Los Angeles Times

Should California punish people who refuse to stay home? Newsom prefers social pressure

SACRAMENTO, Calif. - In addressing the coronavirus crisis, California Gov. Gavin Newsom has been steadfast in contending that his stay-at-home order should be enforced through persuasion, not punishment.

And instead of calling on the National Guard to patrol the streets, the 52-year-old Democrat continues to enlist Californians to pressure one another to "bend the curve."

"That social pressure we're seeing out there for people to do the right thing is the most powerful enforcement tool we have," Newsom said Monday.

But while the approach is consistent with the governor's deliberate response to the coronavirus pandemic and his effort to persuade Californians to adapt to the new restrictions rather than wielding the power of his office, some have questioned whether Newsom needs to do more.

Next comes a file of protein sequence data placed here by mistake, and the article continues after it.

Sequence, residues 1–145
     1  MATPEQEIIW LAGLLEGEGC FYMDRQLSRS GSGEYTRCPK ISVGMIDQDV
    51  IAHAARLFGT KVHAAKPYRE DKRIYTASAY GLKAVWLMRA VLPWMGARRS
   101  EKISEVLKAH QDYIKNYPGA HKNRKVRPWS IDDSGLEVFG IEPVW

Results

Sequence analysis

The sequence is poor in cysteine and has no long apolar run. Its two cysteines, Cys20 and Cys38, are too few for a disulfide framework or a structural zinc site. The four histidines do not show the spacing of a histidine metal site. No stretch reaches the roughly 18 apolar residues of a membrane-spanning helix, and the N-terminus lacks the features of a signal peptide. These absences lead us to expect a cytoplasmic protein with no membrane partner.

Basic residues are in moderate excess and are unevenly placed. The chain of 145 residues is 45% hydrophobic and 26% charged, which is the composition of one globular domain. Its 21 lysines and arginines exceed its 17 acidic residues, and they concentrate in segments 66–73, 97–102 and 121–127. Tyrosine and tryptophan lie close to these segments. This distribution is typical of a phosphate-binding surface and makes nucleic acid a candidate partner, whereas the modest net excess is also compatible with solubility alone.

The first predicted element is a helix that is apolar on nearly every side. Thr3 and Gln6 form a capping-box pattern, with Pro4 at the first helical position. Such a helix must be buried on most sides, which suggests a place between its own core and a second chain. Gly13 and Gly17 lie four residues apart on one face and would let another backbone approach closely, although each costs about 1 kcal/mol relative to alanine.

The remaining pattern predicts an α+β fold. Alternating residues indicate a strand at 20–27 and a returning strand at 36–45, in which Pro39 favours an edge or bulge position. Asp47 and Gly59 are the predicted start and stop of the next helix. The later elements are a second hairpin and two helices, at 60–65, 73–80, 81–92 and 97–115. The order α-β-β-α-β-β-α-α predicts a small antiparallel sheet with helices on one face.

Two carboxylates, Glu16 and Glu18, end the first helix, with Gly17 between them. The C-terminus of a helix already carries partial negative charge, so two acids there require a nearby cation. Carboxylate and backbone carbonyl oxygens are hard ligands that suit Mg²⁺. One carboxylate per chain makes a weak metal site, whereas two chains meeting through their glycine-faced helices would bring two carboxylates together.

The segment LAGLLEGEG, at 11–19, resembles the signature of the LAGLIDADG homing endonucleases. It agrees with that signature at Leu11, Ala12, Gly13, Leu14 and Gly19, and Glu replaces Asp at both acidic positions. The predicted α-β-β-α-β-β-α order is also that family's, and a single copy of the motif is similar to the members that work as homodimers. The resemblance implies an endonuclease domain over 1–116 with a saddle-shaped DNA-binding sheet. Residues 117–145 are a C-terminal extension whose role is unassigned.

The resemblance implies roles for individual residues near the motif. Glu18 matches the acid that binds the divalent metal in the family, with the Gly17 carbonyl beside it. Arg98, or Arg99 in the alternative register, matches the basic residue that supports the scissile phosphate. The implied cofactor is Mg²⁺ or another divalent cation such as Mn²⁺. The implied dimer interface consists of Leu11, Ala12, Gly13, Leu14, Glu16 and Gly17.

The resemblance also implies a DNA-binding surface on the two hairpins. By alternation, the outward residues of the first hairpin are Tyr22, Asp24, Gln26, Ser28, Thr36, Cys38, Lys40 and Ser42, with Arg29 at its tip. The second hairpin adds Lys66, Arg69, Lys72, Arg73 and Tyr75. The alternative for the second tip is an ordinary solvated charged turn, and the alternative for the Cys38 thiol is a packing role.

Newsom reasserted his position over the weekend with the launch of a new public awareness campaign that relies on video messages from celebrities including rapper Snoop Dogg and actor Will Ferrell to persuade Californians to stay home. The governor's office says the campaign includes advertisements on top social media sites and public service announcements from Newsom's wife, Jennifer Siebel Newsom, and officials in

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